BUSINESS FRIENDLY HEALTHCARE….Who’s in favor of the prescription drug benefit currently wending its way through Congress? Seniors, obviously, since they will have to spend less on drugs. And drug companies, of course, since they get to sell more drugs.
But it turns out that a big chunk of the business community is in favor too:
The bills to provide drug benefits through Medicare that were passed by the House and the Senate last week offer some of the country’s largest employers a long-sought prize: shifting at least some of their burden of soaring drug costs to the federal government.
….The 28,000 employers who provide drug benefits to retirees are spending $22.5 billion this year for their former employees’ prescriptions, according to a study by Hewitt Associates, a consulting firm, and the Kaiser Family Foundation.
This doesn’t surprise me at all. In fact, I’ve wondered for a long time why proponents of single payer healthcare haven’t been more successful in getting the business community on their side. Sure, it’s “socialized medicine,” and God knows we hate anything that reeks of socialism in America, but healthcare is one of the biggest pains in the butt that American businesses have to put up with, and they hate it. Costs keep going up, regulations are fierce, employees gripe about it incessantly, administration costs are high, and the payback for all this is exactly zero.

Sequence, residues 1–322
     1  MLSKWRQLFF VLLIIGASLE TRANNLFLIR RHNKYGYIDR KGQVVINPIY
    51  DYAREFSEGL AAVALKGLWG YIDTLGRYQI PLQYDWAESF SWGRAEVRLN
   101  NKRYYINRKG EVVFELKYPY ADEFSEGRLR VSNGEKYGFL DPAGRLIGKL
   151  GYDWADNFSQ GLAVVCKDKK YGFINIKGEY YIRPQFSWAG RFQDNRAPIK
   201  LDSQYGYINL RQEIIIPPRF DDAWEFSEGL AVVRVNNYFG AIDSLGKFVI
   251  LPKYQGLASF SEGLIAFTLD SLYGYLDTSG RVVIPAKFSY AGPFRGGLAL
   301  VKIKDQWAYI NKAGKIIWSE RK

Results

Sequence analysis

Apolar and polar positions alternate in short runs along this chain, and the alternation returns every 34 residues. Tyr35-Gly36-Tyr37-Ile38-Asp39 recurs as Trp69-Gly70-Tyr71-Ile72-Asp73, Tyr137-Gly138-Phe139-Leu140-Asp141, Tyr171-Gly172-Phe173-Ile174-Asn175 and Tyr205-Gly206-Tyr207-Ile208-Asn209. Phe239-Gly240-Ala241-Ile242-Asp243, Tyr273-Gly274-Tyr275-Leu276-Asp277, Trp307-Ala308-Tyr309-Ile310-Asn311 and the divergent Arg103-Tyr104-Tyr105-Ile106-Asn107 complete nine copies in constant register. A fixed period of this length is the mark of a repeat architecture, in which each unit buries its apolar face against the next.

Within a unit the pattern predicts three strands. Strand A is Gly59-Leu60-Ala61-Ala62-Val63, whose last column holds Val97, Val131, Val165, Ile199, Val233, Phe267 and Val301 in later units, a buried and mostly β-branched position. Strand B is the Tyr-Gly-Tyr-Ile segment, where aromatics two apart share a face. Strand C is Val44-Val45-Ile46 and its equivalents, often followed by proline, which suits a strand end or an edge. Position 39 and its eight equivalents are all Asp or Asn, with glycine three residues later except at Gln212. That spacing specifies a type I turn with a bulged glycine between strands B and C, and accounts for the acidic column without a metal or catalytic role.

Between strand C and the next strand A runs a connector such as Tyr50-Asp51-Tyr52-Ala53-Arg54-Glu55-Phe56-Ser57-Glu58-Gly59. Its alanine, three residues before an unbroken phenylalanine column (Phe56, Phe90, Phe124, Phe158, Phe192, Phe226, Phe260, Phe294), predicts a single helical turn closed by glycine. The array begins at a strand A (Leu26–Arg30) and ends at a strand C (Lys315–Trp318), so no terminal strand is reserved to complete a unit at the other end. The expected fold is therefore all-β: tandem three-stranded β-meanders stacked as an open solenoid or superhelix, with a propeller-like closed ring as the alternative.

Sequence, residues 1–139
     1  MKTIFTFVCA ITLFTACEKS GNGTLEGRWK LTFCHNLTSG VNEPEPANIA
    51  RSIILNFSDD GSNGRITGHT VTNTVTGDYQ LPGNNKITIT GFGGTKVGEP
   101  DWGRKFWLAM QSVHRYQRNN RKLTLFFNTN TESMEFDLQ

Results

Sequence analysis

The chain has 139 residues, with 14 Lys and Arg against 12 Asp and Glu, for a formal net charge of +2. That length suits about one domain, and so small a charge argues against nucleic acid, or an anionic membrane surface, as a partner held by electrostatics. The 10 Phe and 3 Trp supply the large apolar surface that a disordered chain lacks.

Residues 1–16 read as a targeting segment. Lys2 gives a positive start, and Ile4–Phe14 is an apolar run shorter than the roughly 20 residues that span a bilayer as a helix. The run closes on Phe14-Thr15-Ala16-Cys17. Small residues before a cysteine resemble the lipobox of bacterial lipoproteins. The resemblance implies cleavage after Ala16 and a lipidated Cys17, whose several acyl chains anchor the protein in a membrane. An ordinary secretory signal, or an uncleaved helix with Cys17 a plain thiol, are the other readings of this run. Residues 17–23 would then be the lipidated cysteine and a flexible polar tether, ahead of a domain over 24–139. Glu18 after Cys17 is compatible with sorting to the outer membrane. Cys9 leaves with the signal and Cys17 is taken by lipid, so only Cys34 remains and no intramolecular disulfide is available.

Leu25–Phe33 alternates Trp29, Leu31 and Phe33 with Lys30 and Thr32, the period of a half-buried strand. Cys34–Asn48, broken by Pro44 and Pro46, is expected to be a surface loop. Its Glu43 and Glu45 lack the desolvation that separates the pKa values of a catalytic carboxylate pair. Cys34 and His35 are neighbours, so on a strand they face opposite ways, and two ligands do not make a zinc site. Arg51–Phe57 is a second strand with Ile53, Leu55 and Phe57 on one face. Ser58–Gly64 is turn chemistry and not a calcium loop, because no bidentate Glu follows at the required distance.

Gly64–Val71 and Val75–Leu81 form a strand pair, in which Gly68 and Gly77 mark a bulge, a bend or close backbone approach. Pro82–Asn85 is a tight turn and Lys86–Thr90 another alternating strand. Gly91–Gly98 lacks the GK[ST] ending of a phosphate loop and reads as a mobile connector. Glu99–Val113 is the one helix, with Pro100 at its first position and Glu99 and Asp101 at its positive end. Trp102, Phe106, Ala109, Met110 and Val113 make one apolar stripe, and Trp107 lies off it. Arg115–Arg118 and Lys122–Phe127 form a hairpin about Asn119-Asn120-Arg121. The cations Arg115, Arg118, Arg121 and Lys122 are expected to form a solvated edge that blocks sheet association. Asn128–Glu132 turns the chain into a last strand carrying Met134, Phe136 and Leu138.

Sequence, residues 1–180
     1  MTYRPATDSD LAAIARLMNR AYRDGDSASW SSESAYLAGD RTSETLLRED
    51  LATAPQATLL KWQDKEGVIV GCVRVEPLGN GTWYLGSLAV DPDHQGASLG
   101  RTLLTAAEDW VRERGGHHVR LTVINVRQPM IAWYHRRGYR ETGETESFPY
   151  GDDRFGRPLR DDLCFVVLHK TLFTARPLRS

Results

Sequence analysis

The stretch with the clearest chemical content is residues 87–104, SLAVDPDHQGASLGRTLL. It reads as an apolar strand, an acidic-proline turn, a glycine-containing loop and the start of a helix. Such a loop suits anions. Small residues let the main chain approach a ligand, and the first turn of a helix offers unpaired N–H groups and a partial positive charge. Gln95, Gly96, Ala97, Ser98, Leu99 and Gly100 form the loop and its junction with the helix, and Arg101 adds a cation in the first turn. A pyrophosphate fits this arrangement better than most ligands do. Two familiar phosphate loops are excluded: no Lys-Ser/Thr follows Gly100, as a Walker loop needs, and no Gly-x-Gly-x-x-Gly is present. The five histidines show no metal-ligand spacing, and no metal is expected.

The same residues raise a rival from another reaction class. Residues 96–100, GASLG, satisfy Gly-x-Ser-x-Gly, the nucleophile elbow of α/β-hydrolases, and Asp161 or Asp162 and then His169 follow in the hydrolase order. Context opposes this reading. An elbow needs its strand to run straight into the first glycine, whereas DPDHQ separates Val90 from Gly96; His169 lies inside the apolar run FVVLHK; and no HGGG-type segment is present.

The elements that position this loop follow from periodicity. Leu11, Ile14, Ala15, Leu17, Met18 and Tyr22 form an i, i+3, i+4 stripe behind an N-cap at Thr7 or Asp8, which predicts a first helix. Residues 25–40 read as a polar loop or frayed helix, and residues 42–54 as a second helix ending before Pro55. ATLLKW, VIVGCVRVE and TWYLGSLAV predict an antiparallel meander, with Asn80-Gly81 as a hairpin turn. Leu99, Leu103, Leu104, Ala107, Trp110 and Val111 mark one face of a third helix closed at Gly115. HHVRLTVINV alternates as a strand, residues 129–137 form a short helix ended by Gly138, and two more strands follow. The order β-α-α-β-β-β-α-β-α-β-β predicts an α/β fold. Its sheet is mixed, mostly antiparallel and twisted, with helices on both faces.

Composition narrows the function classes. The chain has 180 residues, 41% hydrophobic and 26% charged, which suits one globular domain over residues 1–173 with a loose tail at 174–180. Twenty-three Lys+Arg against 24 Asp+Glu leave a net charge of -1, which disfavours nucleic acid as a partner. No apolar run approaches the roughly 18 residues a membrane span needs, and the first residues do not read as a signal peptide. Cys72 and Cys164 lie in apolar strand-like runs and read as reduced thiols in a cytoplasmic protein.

I don’t know the history of healthcare reform well enough to know the answer to this, but it sure seems as if some nice, moderate, business-friendly Democrat could craft a plan that would have widespread support in the business community and thus hive off some support from moderate Republicans as well. Of course, that’s a perfect description of Bill Clinton, and he couldn’t do it, so maybe there’s more to it.
Whatever it is, though, I can’t think of it. I’m surprised the business lobby hasn’t been pushing on this all along.
UPDATE: Of course, it would need one of those cool names that Newt Gingrich was so good at coming up with. “The Socialized Medicine Act of 2003” wouldn’t do, for example, but maybe “The Business Freedom and Health Bureaucracy Reduction Act of 2003” would play well. How about it?
UPDATE: James Joyner suggests that we might be closer to universal healthcare than we think:
It seems to me that we’re about 2/3 of the way there now. Currently, the elderly, the poor, the active military, some disabled folks, and most government workers get free or heavily-subsidized government health benefits. Once the working middle class realize they’re paying for everyone else, it won’t be hard to persuade them to make the system universal.
As I recall, federal and state governments already account for nearly half of all healthcare spending in the country. We may not be quite 2/3 there, but we’re halfway there anyway.